5 months ago • 2 mins
What’s going on here?
The stage is set for US companies to roll out their second-quarter earnings updates – and it could be a minor burnout.
What does this mean?
Earnings season is just around the corner, with the big US banks set to kick things off in earnest next week. But analysts are already playing the guessing game. Data from FactSet suggests they’re bracing for a bit of a drop: they reckon S&P 500 firms might see an overall 6.5% earnings dip compared to last year – the biggest slump since mid-2020. But it’s not a total sob story. While dropping commodity prices and a shaky economy have got the energy and materials sectors bracing for a serious fall, seven out of the eleven sectors are still predicted to climb, with consumer discretionary and communication industries tipped to lead the pack.
Why should I care?
For markets: Eye on the prize.
Earnings season can make or break the stock market’s mood. But it’s not just the actual figures that matter: it’s about meeting or beating expectations, which are already priced into stocks. Plus, it’s companies’ outlooks that could be the real headliners here – remember, investors are more interested in the future than the past. And despite whispers of an earnings dip, analysts are still feeling bullish: the percentage of buy ratings among the S&P 500 companies is above the five-year average right now.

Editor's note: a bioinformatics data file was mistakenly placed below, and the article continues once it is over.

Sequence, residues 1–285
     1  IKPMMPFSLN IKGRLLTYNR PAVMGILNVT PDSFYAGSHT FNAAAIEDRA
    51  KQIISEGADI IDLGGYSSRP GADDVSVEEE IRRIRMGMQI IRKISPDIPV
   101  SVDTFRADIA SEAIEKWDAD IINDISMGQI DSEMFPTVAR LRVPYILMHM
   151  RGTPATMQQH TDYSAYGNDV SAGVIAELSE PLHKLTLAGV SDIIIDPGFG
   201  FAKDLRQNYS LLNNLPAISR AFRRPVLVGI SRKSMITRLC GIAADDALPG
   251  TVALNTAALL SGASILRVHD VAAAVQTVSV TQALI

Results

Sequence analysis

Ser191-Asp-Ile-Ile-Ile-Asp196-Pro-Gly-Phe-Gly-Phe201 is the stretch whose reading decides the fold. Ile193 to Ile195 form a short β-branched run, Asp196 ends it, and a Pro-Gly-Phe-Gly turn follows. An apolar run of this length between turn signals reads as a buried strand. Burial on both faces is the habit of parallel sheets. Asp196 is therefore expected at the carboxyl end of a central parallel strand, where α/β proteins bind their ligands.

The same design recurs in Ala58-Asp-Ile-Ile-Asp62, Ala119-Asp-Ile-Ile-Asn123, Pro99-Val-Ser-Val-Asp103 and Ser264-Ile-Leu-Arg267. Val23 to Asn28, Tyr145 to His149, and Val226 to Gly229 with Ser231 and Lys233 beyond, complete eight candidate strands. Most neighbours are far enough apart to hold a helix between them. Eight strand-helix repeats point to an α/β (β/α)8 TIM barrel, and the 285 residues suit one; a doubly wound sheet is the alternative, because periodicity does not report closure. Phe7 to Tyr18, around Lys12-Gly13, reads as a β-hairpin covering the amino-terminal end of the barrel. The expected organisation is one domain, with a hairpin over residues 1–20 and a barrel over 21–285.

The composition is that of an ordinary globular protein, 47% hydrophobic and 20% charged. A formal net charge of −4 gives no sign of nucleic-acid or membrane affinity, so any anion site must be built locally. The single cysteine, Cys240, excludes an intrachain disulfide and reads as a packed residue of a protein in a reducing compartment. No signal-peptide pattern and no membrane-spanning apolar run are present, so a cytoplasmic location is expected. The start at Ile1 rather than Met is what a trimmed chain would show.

The bigger picture: Peaking market or piquing interest.
The tech sector grabs headlines because it’s a big player, accounting for about a quarter of the S&P 500. But it’s been getting even more attention lately thanks to the AI buzz, which helped tech kick off the year on a high note. And sure, not everyone’s buying into the hype, but some analysts think this is just the warm-up act: they’re predicting that an AI-driven tech bull market is now ready to take center stage.
Disclaimer: These articles are provided for information purposes only. Occasionally, an opinion about whether to buy or sell a specific investment may be provided. The content is not intended to be a personal recommendation to buy or sell any financial instrument or product, or to adopt any investment strategy as it is not provided based on an assessment of your investing knowledge and experience, your financial situation or your investment objectives. The value of your investments, and the income derived from them, may go down as well as up. You may not get back all the money that you invest. The investments referred to in this article may not be suitable for all investors, and if in doubt, an investor should seek advice from a qualified investment advisor.
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